The Holidays and Senior Money Pits


Charlie has always loved catalogs. Because of his mobility problems he is not able to go to the mall shopping, so catalogs have become his arm chair shopping mall of choice.

With the onslaught of catalogs in the mail last week Charlie was in his glory. He sat down, pen in hand and started looking for things he "needed."

The first thing that caught his eye was a BOSE sound system to attach to the TV – a real bargain at $400.00, he told me. He handed me the completed form, told me to add the credit card number and order the system.

As he was browsing one of his military magazines, he discovered an Air Force aviator jacket – all leather, listed at $299.00. He has an aviator jacket from his flying days that has mellowed with age, had the zipper replaced, and is like an old friend, warm and comfortable. Like Charlie it has developed character - a few wrinkles and worn spots here and there, but doesn't everything get better with age? I love the old jacket; it symbolizes the warrior that he once was. Again, he filled out the form and told me to order the jacket.

The third item he decided he needed was a "Hospital Income and Short Term Recovery Insurance Plan" – for each of us. Now mind you, he is looking at assisted living facilities, we have Medicare and a good back-up health insurance plan. So why do we need a policy that pays us up-front for getting sick? We don't! Charlie filled out the form and passed it to me, trusting me to mail it for him.

Thank goodness he doesn't just put these things in the mail and send them off or we would be bankrupt before I knew what hit me.

The reason he passes them on is that he doesn't understand some of the questions or requirements on these forms. He doesn't admit that, of course, but when I see the blank spaces I understand the problem.

You may ask, why does he do this? The easy answer is that he is bored.

He has nothing else to do but watch TV and browse catalogs all day long. Efforts to get him involved in other things result in resistance; partly because he is physically unable to get around, and the other reason is that he "knows what he doesn't know." That is, he understands his limitations, both physical and mental, when dealing with public situations, so he has adopted an avoidance-avoidance behavior.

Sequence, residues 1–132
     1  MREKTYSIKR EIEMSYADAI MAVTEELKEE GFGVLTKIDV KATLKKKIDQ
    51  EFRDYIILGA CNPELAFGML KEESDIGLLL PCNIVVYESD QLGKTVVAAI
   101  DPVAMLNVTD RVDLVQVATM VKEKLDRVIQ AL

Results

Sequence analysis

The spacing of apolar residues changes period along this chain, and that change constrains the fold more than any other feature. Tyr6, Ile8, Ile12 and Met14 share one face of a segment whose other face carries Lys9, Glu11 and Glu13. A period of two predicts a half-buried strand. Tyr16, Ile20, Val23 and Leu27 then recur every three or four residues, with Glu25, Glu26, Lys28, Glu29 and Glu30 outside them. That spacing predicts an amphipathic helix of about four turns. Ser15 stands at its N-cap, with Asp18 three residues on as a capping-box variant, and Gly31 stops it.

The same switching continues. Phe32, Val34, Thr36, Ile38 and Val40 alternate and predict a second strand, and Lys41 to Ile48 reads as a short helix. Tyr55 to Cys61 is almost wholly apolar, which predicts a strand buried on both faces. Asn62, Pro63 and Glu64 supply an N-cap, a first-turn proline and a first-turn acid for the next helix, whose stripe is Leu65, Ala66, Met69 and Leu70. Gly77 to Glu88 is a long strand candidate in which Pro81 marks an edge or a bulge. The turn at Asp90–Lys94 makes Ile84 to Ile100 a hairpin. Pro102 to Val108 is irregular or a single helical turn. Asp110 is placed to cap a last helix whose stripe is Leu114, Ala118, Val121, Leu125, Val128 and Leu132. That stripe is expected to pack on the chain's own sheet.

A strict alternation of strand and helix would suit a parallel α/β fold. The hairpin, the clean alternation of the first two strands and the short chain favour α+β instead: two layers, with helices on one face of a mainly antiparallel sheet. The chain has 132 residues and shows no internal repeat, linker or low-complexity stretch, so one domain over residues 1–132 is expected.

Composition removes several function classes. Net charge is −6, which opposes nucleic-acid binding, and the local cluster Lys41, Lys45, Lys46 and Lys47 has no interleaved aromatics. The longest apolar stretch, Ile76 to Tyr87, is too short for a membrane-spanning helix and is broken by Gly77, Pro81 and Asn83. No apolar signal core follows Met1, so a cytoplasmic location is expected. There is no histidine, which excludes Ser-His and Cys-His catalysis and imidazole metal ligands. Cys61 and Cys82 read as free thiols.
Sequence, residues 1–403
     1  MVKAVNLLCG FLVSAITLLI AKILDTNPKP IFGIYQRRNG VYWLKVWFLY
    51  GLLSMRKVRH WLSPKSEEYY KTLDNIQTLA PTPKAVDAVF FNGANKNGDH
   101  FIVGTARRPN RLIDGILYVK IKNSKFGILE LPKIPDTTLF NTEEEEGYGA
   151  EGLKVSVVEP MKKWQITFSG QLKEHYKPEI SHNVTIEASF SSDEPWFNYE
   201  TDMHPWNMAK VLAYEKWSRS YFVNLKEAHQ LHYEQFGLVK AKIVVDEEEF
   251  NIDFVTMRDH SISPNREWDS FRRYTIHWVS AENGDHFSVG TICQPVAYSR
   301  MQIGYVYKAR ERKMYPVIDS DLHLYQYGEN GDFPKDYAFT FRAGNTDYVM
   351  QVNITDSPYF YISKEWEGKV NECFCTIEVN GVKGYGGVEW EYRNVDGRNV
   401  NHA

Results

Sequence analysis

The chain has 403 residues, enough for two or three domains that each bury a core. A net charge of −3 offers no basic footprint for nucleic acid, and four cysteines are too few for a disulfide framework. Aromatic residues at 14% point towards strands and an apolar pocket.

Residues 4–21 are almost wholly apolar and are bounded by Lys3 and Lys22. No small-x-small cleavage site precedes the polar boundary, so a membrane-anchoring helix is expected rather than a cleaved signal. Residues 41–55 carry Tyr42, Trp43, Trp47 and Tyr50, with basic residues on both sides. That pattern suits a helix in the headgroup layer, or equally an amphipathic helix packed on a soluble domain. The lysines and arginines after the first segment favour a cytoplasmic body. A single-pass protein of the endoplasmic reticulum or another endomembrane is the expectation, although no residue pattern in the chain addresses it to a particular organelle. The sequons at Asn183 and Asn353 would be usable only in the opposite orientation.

What did I do with all his forms? Well – I did order the BOSE, our Christmas gift to our selves. We had been talking about it for a while. The system has arrived and it is terrific. Our TV has a terrible sound system and the BOSE has made a big difference to our worn out ears.

As for the other items – they were filed in the circular file. You know the one I mean.

I didn't tell Charlie. Next week he won't even remember he "ordered" those things – I hope. If he does, I may be in big trouble. Of course they always remember the things you hope they have forgotten!

It is difficult for seniors to avoid senior money pits – those television ads, TV commercials, catalogs, home shopping networks, and telephone calls from salespeople, all hoping senile senior citizens will bite.

As I write this, Charlie just showed me a weather barometer advertised in today's Sunday paper that he thinks we should have. "It's only $19.99," he tells me.

Here we go again!

Marlis describes herself as a “Gramma who loves technology and has a lot to say.” She blogs about whatever catches her interest: food, books, family and more. For, she writes about the issues facing the elderly and her experiences caring for her husband, Charlie, who suffers from dementia.

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Don't let Charlie on Amazon, I have the one click ordering activated and give in to impulse too often myself. Luckily... it's books that I am tempted by and not more expensive stuff.
"...LUCKILY it's books…"????

Don't mention books to me. The complete librettos of Gilbert & Sullivan. Three full-sized atlases. The entire output of Dick Francis, Lord love us and save us. "The Tiger Who Came To Tea" - large print hardback edition complete with audio CD, ready for the great-grandchildren there's no sign of yet. We're already stuffed to the rafters with books, I haven't even unpacked mine yet (sad to say I am my mother's daughter… there are at least five packing cases) and we've been here four and a half years. No no no. When it came to books, they were the first thing that made me ditch "respect for autonomy" as a caregiver's virtue and get very totalitarian indeed with my poor mother. She can work her way through her lifetime's library first before I let another one set dustjacket inside the house.
My thoughts as an elder. I would like to meet people in my age, who are totally disappointed with the way things have turned out. I can't believe my age. Have two adult grown sons who constantly build my hopes, then pull the rug out from under me time after time. I can't count on either one of them. Where are the people that I can vent too; who understand and won't tell me I should write a gratitute list, and that I'm too negative. The facts are the facts. Should I just laugh at the fears and disappointments. "oh, funny thing happened, my son promised this or that and never came through. He forgot." Okay how funny. Tried to get a job for some extra funny! Everything I finally got out of storage, things that I cherished were funny. So I have dismissed everyone; just sit here isolating watch the upper one percent surrounded by their families, laughing and confident in their paycheck and insurance. I took practically my last cent to add on a supplement in case I need cancer treatments. Can't get food stamps or medicaid. I'm over about fifty dollars for everything. Worked all my life, let my dreams go by. from the country club to a one bedroom. Anonymous too embarassed!